“For me, Ashbery was the sky.”
I was with some poetry friends in a pub near Holborn, shooting the breeze before a reading two of us were participating in. The breeze was fairly dark on that day, for various reasons. It was the weekend following Donald Trump’s inauguration for one thing; it was January in London for another. Let us hope that it was genuine curiosity, at least as much as the need to keep the conversation going, that caused one friend to ask which poet I thought of as the main background presence for my own writing. He did not quite phrase the question in terms of influence. I did not have to think to know that the answer was John Ashbery. But for some reason, the name felt a little flat on my tongue, as if this was an important fact about myself that I had not been nourishing or had grown inattentive to. Further comment seemed called for, and what I found myself saying next was that, for me, Ashbery was the sky. It was true, and of course it remains so. The sky is not something that just goes and dies one day.
But then, what is it that we actually get from the sky? Both everything and nothing. My friend seemed surprised by my answer. Perhaps Ashbery is by now so pervasive in my stuff that he no longer shows through on the surface. I first started reading him intensely within the mainly hapless ambit of the 1990s British poetry world, a fate which left me absurdly free to treat him more or less as a personal discovery, and to make of him what I would, or could. The conversation in the pub seemed a good prompt to attempt a more open reckoning with him, to turn back toward him in acknowledgement perhaps.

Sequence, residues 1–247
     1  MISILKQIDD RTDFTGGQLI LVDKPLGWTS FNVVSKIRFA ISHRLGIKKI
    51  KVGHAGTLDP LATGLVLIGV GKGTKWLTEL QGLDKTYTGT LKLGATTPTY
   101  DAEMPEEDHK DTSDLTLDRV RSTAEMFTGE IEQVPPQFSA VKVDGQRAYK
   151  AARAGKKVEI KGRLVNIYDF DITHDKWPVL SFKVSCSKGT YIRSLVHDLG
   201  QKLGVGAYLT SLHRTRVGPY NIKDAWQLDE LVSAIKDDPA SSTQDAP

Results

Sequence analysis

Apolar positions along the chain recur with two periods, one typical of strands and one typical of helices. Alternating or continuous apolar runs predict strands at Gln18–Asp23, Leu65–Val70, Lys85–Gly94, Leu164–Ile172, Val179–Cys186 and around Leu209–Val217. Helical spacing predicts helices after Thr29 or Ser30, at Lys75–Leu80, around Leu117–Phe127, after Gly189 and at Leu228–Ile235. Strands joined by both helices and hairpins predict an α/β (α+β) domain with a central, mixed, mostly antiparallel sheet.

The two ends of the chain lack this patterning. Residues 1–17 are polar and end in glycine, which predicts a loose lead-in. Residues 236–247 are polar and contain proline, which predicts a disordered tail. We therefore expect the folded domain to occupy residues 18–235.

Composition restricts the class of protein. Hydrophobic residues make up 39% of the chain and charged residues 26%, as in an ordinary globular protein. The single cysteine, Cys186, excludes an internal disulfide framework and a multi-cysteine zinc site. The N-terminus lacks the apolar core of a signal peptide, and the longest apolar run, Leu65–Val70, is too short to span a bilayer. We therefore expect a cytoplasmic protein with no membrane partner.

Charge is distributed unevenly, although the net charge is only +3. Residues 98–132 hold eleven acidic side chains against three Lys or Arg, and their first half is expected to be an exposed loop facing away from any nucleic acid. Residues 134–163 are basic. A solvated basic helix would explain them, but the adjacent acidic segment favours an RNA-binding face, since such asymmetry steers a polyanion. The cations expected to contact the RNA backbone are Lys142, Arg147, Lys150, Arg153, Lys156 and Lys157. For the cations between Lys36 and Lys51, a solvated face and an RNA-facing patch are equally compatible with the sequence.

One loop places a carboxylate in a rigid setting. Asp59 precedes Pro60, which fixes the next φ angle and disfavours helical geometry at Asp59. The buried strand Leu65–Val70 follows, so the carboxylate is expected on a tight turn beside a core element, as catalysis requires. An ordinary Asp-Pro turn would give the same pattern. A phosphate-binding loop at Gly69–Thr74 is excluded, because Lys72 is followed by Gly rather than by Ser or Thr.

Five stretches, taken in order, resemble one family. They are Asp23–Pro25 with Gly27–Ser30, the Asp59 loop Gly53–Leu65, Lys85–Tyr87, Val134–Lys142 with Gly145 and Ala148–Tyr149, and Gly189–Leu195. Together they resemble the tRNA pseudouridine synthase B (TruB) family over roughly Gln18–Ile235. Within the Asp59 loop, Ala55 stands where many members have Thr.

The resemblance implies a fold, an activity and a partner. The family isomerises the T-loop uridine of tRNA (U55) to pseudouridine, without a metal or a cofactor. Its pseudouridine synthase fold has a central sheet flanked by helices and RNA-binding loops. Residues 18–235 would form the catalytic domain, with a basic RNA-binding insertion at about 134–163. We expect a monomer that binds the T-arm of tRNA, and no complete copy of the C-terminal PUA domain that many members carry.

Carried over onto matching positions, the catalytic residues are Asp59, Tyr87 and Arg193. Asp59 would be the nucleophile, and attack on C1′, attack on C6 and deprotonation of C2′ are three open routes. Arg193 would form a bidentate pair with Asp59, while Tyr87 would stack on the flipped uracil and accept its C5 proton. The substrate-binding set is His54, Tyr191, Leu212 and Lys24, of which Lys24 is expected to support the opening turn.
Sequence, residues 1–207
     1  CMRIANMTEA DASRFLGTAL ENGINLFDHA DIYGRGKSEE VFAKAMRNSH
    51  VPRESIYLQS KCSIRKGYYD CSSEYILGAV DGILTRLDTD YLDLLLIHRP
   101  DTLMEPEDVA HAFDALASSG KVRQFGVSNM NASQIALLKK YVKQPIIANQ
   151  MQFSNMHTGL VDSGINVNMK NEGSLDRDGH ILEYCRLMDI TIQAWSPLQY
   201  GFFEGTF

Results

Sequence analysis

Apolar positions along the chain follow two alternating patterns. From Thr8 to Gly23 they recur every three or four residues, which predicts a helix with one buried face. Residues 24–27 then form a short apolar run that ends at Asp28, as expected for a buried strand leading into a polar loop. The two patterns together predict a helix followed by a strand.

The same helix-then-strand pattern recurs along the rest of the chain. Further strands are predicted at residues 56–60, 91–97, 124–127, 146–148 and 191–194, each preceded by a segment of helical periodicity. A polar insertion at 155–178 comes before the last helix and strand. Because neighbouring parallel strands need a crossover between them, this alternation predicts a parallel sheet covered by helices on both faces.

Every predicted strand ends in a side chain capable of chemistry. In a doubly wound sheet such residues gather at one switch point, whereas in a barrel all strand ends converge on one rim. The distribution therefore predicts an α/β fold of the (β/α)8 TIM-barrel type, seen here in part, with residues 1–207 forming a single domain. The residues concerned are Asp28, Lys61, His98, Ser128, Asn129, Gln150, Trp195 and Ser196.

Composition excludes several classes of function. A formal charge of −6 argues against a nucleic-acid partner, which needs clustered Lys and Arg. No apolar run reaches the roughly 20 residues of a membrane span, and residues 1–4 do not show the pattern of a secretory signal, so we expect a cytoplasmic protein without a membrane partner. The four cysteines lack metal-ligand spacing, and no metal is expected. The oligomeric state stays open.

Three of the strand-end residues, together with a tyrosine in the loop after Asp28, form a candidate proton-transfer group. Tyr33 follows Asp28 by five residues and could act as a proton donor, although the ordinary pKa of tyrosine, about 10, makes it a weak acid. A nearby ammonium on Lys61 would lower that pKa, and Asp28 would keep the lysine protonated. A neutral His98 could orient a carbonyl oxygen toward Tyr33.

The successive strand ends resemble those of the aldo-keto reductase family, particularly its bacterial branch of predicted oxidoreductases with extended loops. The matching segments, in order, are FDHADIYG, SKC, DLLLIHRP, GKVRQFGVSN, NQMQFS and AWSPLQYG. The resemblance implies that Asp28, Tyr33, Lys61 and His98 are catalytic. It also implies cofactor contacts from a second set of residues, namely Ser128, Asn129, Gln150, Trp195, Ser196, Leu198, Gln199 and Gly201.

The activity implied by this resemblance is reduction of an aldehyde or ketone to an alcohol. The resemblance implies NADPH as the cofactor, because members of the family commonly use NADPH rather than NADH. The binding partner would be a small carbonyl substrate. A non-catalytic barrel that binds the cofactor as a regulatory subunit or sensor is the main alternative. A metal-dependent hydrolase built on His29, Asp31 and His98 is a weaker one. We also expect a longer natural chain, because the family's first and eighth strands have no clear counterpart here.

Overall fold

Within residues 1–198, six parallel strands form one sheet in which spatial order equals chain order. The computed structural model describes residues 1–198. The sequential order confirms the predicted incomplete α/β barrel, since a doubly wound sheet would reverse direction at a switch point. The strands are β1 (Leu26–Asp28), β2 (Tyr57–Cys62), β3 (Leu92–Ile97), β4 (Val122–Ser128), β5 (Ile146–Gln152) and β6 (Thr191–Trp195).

One afternoon shortly thereafter, I found myself wondering whether Ashbery, whose admiration for Edward Lear is well attested, had ever written limericks. I may stand corrected, but my light research showed he had not, and so I quickly decided to write some for him. Once it had offered itself, the dare felt fairly irresistible and the faint tang of presumptuousness seemed like just another creative obstacle to be surpassed on the path to riffing off of Ashbery’s own impishness. The piece did indeed then pretty much write itself, except that I could not get it to feel finished. One obvious danger was that I might write too many of them. It was hard to figure out why any given one should be the last. I wanted to end on something that would not be just another limerick, but then this brought the further danger of finishing with something disjoined from the set’s basic premise. The coda as it stands offered a solution that was not exactly a limerick but was, in a sense, even more of a limerick than a limerick is: